Philip Zelikow warns the CIA's harsh methods were counterproductive

Historians in the News

The C.I.A. program did generate a huge volume of intelligence material. Many of these interrogation reports did contain valuable information. After all, the C.I.A. had exclusive custody of many of the most important Qaeda captives for years. Any of the flow from that river would be theirs. Agency officials thus wrote memos recounting plots prevented and people captured.

Yet the C.I.A.’s claims that its methods produced actionable information can also be misleading. Former Vice President Dick Cheney says he would like all of the agency’s defenses of its interrogation program declassified. But that would declassify only one side of the intelligence argument. Each of these accounts of disrupted plots and captured terrorists has a back story, full of lore and arguments about who developed which lead and whose sources proved out.

A professional evaluation of the C.I.A.’s claims would have to examine these cases to sift and weigh the contributions. The Senate Intelligence Committee is embarking on an important effort to sort out the claims and counterclaims.

What the committee may well find, after all the sifting, is that the reports were a critical part of the intelligence flow, but rarely — if ever — affected a “ticking bomb” situation. Yet the main rationale for using extreme methods is to save time. To the extent that the methods are more than just a way of debasing an enemy, their added value is in breaking people quickly, with the downsides including unreliability.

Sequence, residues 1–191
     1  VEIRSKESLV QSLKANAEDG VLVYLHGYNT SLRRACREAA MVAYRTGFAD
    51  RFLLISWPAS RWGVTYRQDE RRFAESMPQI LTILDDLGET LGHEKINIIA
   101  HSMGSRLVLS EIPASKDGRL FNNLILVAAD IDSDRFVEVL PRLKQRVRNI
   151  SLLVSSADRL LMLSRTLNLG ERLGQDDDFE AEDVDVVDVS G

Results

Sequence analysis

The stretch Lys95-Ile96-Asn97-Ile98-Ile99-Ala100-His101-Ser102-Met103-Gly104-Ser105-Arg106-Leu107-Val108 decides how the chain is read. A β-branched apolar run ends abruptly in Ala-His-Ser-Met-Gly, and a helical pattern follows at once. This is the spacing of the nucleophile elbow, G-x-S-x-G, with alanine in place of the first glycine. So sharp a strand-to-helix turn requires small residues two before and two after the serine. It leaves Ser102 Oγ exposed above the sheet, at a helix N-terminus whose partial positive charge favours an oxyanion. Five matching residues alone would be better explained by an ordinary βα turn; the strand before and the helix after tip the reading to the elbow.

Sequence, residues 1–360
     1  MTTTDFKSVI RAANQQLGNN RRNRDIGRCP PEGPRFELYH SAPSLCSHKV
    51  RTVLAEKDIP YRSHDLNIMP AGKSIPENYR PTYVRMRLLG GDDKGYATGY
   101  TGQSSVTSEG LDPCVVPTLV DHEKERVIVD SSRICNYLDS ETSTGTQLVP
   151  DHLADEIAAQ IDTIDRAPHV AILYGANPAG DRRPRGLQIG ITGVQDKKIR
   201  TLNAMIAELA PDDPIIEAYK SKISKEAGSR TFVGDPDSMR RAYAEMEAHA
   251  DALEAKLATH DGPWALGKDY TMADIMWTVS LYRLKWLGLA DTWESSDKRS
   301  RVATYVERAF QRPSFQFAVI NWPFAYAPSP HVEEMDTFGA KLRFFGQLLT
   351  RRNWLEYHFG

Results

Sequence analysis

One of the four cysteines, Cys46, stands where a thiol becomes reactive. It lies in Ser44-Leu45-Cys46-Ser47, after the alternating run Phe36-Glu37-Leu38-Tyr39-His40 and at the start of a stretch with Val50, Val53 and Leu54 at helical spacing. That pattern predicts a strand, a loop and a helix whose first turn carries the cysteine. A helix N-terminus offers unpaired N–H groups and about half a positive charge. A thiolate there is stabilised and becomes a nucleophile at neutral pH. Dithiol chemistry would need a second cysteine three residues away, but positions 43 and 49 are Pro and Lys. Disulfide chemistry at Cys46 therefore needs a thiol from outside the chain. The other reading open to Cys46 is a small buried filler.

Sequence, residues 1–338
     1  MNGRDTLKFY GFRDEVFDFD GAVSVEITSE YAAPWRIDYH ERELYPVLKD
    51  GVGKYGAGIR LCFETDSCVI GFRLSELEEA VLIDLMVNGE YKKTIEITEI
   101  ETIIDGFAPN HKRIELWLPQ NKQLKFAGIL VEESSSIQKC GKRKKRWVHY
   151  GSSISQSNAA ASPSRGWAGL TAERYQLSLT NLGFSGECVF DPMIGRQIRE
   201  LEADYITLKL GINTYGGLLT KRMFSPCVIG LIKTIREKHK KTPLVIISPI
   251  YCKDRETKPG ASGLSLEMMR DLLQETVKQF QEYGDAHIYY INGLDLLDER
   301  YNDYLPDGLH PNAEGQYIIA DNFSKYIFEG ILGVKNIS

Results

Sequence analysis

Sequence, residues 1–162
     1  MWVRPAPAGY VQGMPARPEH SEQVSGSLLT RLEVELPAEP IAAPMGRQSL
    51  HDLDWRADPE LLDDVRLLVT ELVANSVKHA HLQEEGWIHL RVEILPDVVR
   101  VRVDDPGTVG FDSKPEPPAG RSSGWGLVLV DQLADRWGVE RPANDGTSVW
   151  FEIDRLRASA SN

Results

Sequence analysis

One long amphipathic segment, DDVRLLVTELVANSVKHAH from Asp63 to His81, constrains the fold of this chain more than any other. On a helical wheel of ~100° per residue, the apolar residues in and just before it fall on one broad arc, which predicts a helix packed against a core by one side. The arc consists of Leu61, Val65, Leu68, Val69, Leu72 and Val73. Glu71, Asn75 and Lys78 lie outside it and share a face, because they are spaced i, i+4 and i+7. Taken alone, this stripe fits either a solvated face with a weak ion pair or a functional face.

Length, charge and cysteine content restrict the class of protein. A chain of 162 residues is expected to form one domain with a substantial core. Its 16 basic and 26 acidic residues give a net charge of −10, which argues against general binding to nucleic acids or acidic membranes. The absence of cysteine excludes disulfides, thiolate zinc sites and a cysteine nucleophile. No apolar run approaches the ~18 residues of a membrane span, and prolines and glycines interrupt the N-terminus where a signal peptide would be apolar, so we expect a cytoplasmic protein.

That is one reason the methods of torment do not stack up well against proved alternatives that rely on patience and skill. In setting up this program, officials do not seem to have thoughtfully considered those alternatives. The Intelligence Science Board, a federal advisory group, published a report in 2006 illustrating how those in charge of interrogations could have more thoroughly looked at options. The Israelis and British also have a huge amount of painfully acquired experience in using those alternatives, including in some cases where they really did have ticking bombs, either Palestinian or Irish. Neither of those countries can lawfully adopt the C.I.A. program revealed in the Justice Department memos; the Israeli Supreme Court has spoken to these issues in exceptionally eloquent opinions.

Related Links

  • Historian Philip Zelikow claims Bush White House destroyed his anti-torture memo
  • Read entire article at Op ed in the NYT by Philip Zelikow, a professor of history at the University of Virginia, was the counselor of the State Department from 2005 to 2006 and the executive director of the 9/11 commission.

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